about hatching a completely unrealistic plan and then clinging to its mistaken
assumptions and failed policies, year after year, in the vain hope that
–maybe—someday things will improve, without any evidence whatsoever that the
situation on the ground was getting any better.

It
all started after 9/11

Let’s go
back to the beginning of this sad story, and that is 9/11. After it became
clear that this major terror attack against the US homeland had been directed
by Osama bin Laden, the founder of al Qaeda who had found sanctuary in
Afghanistan, the Bush administration decided “to
go get him”.
However, Washington almost immediately decided
also on a much more ambitious agenda. Indeed, the Bush administration decided
that it had to punish not just the al Qaeda leadership, but also its Afghan
willing hosts, that is the Taliban government.

Therefore
the more narrowly focused “punitive
expedition against Osama and al Qaeda”
almost immediately morphed
into “regime change”
for Afghanistan. This rather grandiose objective was in fact an act of
vainglorious superficiality. In so doing, Washington, while trying to get Osama
who was hiding somewhere in the mountains of Afghanistan, (without any success,
by the way!), at the same time declared to the world that it needed to “fix” Afghanistan once
and for all, so that in the future this sorry country would become a
responsible, modern democracy, and no longer the friendly home of terrorists.

Insane
policy

In
principle, this may sound sensible: “Clean
up the place and engage in a bottom up make-over”
so that in the
future Afghanistan will not be used as a base for Islamic terrorists. In practice, anybody
with a brain at the time would have been able to see that this –“fixing Afghanistan”–
was a next to impossible task, at least within any reasonable time frame.

Anybody
with an even scant knowledge of decades of failure in trying to promote
sustainable development in Africa and other underdeveloped regions of the world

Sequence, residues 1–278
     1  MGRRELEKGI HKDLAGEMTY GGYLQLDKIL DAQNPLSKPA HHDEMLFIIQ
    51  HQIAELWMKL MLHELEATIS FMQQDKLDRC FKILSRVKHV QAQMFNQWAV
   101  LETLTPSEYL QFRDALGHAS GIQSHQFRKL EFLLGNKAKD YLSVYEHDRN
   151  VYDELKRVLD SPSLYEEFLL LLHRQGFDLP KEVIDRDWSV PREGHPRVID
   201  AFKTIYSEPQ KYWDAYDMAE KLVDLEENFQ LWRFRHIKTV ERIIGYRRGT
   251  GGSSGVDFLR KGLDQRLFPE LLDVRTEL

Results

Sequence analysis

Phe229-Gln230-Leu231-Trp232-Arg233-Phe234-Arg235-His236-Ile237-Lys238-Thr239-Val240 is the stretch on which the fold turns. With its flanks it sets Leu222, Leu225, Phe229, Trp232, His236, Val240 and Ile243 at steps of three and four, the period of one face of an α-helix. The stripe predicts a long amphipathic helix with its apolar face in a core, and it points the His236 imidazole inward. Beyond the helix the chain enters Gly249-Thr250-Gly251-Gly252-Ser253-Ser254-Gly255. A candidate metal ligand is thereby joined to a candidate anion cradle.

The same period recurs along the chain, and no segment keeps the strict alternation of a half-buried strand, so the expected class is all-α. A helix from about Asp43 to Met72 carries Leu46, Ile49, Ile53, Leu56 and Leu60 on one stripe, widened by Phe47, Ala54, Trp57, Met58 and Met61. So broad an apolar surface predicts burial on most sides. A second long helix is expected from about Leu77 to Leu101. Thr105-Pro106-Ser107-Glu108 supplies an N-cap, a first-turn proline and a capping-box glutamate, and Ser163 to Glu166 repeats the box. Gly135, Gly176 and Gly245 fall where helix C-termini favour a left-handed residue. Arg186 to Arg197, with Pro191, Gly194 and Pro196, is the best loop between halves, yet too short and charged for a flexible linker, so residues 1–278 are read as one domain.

through large amounts of outside assistance could have pointed out that this
was mission impossible.

Indeed, if promoting development in Africa is extremely challenging even under “normal” circumstances, it should have been clear to all top decision-makers in Washington that engaging in a development effort in an extremely poor, and completely ruined post-conflict Afghanistan would take extraordinary resources, and many, many decades.

A
dauntingly tall agenda, by the way, even assuming peace and a cooperative
society willing to buy into this rapid modernization strategy hatched and
dished out by outside experts.

Impossible
goals

Again, everybody knew or should have known that at the end of 2001 Afghanistan was an incredibly backward, tribal country that lacked almost all the underpinnings necessary to even start moving on a development agenda. And the basic underpinnings would include: some meaningful productive activities, (no, poppy cultivation and heroin should not be on this list), at least some basic infrastructure, a modicum of electricity generation capacity and transmission lines, at least some reasonably modern health care facilities, some functioning schools, a somewhat educated middle class, and a reasonably competent government and public administration.

Sadly, at the end of 2001 Afghanistan had almost none of these prerequisites. On top of that, the country was exhausted. it had suffered for years under a communist dictatorship, then it had to endure the Soviet invasion which was followed by a bloody war against the Soviets, and then civil strife, followed by the truly medieval Taliban regime.

A
record of failure

Anyway, in
the end the whole US-led Afghanistan enterprise that began at the end of 2001
failed –miserably. This is well documented. A key feature of this systemic
failure is that, to this day, the US government has no idea of what happened to
billions of dollars targeted for development in Afghanistan. The money simply
vanished.

The biggest failure was and is in the strong resurgence of the Taliban and the utter inability of the US-trained and equipped Afghan military and police to even hold their ground –let alone go after the Taliban insurgents and defeat them.

Right now, the Kabul government is unable to guarantee even a modicum of security almost anywhere in the country. Up to the signing of the recent preliminary agreement and semi-ceasefire that should lead to the finalization of the final peace agreement, The Taliban could hit almost any city, including well defended targets in Kabul itself.

On top of that, in the last few years, other extremists and terror groups have found fertile ground in Afghanistan. On a daily basis, there are attacks, bombs, suicide missions, and what not. And this is happening after 19 years of American and NATO military assistance to the Afghan Government, combined with gigantic development packages aimed at building a modern government, and eventually new prosperity.

The
negotiations with the Taliban

I guess this is why the Trump administration FINALLY decided to cut America’s losses and get the residual US troops home. The fig leaf here are the almost concluded bilateral “peace negotiations” with the Taliban. Through this charade hosted by Qatar, Washington would like to convey to the world that this is no “cut and run”. On the contrary, Washington will implement an orderly and careful incremental drawdown of US forces –but only if and when the Taliban will meet certain non-negotiable conditions.